Want to Feel Better About Life Insurance? Go Digital

Customer satisfaction with life insurance and annuity products picks up substantially when participants go digital, J.D. Power survey shows.

A granddaughter and grandmother look at life insurance and annuity products online.
(Image credit: Getty Images)

Two recent studies by J.D. Power, one on individual life insurance and the other on individual annuities, found that overall, customer satisfaction with each of these products is improving. This is a big turnaround from recent years in which customer satisfaction and engagement decreased the longer an individual held a policy. 

So what changed? Digital interaction. The studies showed that more customers use digital tools to monitor policy updates and changes and communicate with local agents and financial advisers. Nearly three-fourths, or 72%, of annuity customers regularly interact with their provider digitally via website, email, chat, text or mobile app.

Other key findings include:

Subscribe to Kiplinger’s Personal Finance

Be a smarter, better informed investor.

Save up to 74%

Sign up for Kiplinger’s Free E-Newsletters

Profit and prosper with the best of expert advice on investing, taxes, retirement, personal finance and more - straight to your e-mail.

Profit and prosper with the best of expert advice - straight to your e-mail.

Sign up
  • The number of life insurance customers purchasing their policies for financial and final planning reasons increased to 39% in 2023 from 30% in 2022.
  • Customer satisfaction with annuity products is 800 (on a 1,000-point scale) this year, a significant 11-point increase from 2022, largely driven by increased digital engagement.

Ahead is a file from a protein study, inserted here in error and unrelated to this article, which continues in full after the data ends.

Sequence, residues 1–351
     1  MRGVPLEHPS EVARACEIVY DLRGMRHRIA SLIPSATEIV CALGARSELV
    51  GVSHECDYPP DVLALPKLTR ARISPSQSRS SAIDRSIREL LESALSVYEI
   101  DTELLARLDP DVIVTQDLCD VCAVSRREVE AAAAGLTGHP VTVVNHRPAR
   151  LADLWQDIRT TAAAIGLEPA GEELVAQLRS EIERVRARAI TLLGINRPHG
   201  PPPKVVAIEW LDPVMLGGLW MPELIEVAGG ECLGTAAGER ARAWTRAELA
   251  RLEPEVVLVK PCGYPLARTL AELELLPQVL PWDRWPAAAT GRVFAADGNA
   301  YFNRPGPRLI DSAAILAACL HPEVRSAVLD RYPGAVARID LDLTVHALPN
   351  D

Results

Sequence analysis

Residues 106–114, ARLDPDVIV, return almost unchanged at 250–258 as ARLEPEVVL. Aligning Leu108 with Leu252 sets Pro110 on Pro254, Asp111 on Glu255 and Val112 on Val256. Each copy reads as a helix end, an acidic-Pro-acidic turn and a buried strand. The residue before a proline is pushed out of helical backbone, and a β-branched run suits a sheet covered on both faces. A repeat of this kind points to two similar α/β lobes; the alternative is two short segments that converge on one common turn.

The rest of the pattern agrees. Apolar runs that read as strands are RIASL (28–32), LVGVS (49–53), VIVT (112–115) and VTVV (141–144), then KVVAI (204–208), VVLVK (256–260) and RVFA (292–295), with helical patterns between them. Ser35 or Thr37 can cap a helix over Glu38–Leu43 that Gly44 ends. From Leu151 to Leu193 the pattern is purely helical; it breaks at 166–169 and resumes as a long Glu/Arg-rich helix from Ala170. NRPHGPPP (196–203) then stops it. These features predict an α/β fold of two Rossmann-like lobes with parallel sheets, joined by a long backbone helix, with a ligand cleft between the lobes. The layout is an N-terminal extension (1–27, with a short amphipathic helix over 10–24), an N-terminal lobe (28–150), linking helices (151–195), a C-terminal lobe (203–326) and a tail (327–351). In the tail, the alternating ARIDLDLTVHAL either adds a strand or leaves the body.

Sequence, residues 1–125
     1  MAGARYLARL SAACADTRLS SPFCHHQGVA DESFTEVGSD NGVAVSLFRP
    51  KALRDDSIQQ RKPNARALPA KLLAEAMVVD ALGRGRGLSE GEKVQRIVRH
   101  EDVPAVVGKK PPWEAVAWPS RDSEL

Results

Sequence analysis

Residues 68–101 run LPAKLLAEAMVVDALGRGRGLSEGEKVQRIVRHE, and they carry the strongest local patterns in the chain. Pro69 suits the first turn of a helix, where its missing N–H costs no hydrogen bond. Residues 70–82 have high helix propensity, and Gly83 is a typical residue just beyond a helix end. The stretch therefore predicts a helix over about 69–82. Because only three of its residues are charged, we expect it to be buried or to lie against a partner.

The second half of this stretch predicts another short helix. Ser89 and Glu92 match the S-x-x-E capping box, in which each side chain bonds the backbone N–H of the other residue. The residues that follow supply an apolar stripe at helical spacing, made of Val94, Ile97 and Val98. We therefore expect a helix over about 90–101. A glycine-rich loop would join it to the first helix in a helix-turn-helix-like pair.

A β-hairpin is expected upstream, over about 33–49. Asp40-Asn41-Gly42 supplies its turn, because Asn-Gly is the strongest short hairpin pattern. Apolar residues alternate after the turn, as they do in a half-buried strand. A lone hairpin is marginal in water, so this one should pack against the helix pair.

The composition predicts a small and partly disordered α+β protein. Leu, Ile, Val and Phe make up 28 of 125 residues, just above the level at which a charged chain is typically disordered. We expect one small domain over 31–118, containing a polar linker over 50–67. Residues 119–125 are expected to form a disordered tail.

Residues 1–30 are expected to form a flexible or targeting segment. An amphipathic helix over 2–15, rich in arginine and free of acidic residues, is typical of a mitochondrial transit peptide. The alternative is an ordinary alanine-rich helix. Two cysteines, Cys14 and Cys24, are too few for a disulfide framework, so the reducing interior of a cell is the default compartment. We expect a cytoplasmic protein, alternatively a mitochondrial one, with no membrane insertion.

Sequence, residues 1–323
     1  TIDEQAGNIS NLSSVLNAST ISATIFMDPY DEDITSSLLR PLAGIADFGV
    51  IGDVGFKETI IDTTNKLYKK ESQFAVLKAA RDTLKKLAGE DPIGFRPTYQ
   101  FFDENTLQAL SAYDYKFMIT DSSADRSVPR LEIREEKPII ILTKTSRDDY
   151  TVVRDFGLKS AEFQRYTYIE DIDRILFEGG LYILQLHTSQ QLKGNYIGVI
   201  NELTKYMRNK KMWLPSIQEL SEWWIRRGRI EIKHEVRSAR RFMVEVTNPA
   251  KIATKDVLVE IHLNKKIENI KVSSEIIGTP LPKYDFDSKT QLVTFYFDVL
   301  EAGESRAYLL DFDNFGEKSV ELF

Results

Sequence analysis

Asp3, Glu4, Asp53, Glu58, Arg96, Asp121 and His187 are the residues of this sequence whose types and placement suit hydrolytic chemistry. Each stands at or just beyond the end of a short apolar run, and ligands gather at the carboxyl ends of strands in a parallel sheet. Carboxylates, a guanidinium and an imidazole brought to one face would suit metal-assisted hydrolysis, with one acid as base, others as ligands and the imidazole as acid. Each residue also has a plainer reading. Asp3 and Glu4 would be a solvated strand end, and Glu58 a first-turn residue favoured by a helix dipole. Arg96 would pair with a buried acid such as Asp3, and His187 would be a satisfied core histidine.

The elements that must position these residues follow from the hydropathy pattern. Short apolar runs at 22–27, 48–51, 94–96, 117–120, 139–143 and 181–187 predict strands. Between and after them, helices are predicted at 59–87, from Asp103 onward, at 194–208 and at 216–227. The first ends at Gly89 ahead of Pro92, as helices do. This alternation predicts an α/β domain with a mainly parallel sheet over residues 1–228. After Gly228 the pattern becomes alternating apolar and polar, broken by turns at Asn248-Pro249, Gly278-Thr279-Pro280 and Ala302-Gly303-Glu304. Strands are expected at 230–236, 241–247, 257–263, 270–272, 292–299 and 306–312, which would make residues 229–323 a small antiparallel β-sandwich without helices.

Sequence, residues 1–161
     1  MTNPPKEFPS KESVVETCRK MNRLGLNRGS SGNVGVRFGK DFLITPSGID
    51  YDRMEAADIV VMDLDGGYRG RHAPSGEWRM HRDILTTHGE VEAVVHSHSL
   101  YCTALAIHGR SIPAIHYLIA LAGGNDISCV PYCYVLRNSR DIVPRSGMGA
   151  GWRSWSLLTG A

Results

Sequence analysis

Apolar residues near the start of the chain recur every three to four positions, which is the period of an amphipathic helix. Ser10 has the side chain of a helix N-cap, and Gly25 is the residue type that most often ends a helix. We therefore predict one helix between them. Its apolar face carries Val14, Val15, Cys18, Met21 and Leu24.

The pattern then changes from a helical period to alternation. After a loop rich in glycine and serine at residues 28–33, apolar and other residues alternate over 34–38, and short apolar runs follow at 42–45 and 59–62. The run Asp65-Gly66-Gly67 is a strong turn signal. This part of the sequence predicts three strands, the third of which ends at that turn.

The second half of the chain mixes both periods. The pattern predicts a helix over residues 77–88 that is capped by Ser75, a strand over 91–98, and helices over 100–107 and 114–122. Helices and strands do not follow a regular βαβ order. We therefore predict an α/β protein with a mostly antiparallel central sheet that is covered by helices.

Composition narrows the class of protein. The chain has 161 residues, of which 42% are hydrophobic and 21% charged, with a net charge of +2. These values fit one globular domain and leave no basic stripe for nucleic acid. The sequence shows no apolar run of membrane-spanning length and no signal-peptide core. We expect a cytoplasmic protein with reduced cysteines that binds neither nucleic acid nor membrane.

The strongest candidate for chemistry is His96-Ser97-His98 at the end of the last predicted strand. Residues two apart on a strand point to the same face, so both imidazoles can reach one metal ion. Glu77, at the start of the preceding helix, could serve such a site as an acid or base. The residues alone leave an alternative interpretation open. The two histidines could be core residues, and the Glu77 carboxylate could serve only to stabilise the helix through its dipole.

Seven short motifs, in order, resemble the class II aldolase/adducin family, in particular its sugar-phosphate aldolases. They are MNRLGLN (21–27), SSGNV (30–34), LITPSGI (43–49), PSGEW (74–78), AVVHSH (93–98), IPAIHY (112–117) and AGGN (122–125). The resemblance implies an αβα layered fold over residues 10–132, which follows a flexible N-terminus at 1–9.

• State Farm ranks highest among individual life insurance providers for a fourth consecutive year, with a score of 843. Nationwide (840) ranks second and MassMutual (809) ranks third.
  • F&G (formerly Fidelity & Guaranty Life) ranks highest among individual annuity providers, scoring 843. MassMutual (827) ranks second and Nationwide (826) ranks third.

"Sales of life insurance enjoyed a brief surge in popularity during the height of the pandemic, while sales of annuities have more recently soared,” said Breanne Armstrong, director of insurance intelligence at J.D. Power. “Now, with more customers than ever engaging with life insurance and annuity providers more frequently via digital channels, we’re starting to see a real evolution.”

Should you buy life insurance when you're young?

It’s safe to say, one of the last things on your mind is buying life insurance when you’re young and healthy, But if you’re between the ages of 20 and 40, now could actually be the best time to invest in your future

Besides, there is usually less chance of being turned down for a life insurance policy when you’re young, and policies are typically more affordable than when you’re older. In fact, the monthly payment on a 30-year term life insurance policy may cost less than a few Uber rides or dinner at your favorite restaurant, and the protection means one less thing your family needs to worry about.

In much the same way, a retirement plan such as an annuity can provide reliable income when you need it and can often bridge the gap between your accumulated savings and Social Security or other sources of retirement income. Plus, annuities grow tax-deferred, which means Interest earned in a deferred annuity is not taxed until withdrawn. 

About the findings

J.D. Power's 2023 U.S. Individual Life Insurance Study measured overall customer satisfaction with the largest individual life insurance companies in the U.S. The study is based on responses from 5,588 individual life insurance customers. The U.S. Individual Annuity Study measured overall customer satisfaction with the largest annuity companies in the U. S. from 3,579 individual annuity customers. Each study was conducted between May and July 2023.

Related Content

Kathryn Pomroy

For the past 18+ years, Kathryn has highlighted the humanity in personal finance by shaping stories that identify the opportunities and obstacles in managing a person's finances. All the same, she’ll jump on other equally important topics if needed. Kathryn graduated with a degree in Journalism and lives in Duluth, Minnesota. She joined Kiplinger in 2023 as a contributor.